The Massachusetts Supreme Judicial Court will soon rule on the constitutionality of the law which allows district court judges, instead of the Mass. RMV, to decide if a license which was suspended because of a breathalyzer refusal should be reinstated if the defendant is found not guilty.
Dennis Bauer, who was found not guilty of DUI 4th offense, is challenging Ayer District Court Judge David W. Cunis’ decision that his license should not be returned because returning Bauer’s license would endanger public safety. In his appeal, Bauer is claiming that the law which allows judges instead of the Mass. RMV to decide on license reinstatements in breathalyzer refusal cases violates the separation of powers between the executive and judicial branches of Massachusetts government.
Bauer’s license was revoked for lifetime under the Massachusetts breathalyzer refusal law, which provides for lifetime license revocations for those who have three or more previous convictions and refuse the breathalyzer. The license suspension is not automatically vacated, even if the DUI offender is found not guilty at trial. Instead, a hearing is held before the district court, where there is a presumption that the license should be restored. The prosecution can overcome this presumption by demonstrating that restoring the license would jeopardize public safety.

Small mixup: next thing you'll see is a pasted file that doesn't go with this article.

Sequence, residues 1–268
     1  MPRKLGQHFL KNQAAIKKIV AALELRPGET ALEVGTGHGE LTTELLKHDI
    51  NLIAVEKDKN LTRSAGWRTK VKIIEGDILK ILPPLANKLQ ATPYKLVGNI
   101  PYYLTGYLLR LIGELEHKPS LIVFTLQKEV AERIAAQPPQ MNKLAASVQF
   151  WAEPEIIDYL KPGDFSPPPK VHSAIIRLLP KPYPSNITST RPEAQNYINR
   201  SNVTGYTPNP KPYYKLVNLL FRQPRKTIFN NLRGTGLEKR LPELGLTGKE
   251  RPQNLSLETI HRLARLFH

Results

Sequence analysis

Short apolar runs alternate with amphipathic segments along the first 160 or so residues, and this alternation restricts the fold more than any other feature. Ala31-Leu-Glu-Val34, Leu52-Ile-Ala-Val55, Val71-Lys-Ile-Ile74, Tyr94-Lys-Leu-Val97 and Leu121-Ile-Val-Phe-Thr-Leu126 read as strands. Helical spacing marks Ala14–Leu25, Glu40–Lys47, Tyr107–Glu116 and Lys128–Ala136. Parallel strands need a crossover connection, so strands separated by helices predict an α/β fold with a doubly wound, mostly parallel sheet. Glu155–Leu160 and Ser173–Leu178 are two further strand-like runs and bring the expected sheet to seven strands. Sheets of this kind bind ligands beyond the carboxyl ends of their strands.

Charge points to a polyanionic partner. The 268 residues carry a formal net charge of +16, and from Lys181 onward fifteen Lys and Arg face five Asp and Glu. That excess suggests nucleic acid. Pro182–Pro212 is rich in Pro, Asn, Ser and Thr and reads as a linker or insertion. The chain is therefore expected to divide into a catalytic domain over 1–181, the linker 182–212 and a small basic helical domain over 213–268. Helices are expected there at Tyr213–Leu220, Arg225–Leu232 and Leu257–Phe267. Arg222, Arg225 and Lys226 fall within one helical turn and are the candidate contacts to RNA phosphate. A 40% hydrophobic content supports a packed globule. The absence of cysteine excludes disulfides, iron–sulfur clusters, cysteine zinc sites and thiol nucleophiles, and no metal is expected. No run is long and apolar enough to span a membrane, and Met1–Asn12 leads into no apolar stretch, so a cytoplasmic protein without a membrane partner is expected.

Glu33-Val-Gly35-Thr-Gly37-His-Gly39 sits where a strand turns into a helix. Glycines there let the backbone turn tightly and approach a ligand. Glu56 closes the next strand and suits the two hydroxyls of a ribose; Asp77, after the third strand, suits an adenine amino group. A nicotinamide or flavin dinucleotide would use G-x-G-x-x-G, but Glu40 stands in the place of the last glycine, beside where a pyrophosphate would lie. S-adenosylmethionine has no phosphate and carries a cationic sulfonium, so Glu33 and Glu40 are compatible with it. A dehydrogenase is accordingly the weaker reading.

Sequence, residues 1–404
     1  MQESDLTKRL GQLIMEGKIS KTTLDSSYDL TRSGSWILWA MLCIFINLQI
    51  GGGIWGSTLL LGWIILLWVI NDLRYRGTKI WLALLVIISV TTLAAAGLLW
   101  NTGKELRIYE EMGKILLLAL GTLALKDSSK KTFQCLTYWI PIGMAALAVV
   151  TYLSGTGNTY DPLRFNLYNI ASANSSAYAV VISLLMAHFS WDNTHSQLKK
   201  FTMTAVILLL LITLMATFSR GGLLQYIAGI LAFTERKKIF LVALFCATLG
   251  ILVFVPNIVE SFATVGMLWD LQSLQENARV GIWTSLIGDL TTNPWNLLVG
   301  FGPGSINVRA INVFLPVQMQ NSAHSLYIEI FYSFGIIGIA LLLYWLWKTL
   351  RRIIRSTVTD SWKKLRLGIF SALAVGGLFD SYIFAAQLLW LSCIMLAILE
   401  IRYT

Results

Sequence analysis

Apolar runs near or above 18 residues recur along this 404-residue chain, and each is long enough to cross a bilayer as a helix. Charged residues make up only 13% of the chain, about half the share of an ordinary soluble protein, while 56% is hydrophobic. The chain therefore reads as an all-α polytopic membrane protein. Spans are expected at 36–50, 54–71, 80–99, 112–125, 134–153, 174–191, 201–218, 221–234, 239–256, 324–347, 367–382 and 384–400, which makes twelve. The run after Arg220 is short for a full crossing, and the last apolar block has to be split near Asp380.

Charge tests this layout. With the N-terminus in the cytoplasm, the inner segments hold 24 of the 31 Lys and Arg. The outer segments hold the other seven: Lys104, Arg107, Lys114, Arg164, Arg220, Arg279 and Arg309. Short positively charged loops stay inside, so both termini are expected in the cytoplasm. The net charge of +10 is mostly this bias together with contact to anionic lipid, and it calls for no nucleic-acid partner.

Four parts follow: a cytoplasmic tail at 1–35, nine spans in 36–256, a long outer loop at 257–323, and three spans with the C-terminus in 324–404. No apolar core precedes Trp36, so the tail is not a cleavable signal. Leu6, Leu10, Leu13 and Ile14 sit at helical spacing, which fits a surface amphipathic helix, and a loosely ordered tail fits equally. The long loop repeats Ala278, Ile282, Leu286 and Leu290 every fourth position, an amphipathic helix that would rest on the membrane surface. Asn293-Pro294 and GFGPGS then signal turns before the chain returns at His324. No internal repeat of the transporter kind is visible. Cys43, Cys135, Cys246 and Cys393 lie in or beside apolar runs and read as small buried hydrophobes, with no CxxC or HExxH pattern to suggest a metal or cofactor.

Bauer’s appeal challenges this hearing process on the grounds that only Registry and not the courts have the constitutional authority to decide, in the first instance, matters related to license suspensions.
More information will be posted regarding this breathalyzer refusal suspension case as it develops.